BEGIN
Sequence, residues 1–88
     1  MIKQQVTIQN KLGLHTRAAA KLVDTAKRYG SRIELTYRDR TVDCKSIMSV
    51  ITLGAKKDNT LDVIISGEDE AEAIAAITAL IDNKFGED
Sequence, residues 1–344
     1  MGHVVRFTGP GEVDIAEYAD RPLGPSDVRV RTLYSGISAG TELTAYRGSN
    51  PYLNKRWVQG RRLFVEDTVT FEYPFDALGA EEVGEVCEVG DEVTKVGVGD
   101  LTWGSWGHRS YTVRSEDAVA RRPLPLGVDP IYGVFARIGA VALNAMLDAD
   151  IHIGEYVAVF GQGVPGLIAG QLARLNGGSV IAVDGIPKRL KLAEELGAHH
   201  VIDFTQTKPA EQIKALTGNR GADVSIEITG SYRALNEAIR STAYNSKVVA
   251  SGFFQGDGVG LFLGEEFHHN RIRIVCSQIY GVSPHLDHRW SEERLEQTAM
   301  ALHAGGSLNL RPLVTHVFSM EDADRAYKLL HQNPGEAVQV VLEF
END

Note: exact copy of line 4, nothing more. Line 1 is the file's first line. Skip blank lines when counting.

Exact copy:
Sequence, residues 1–344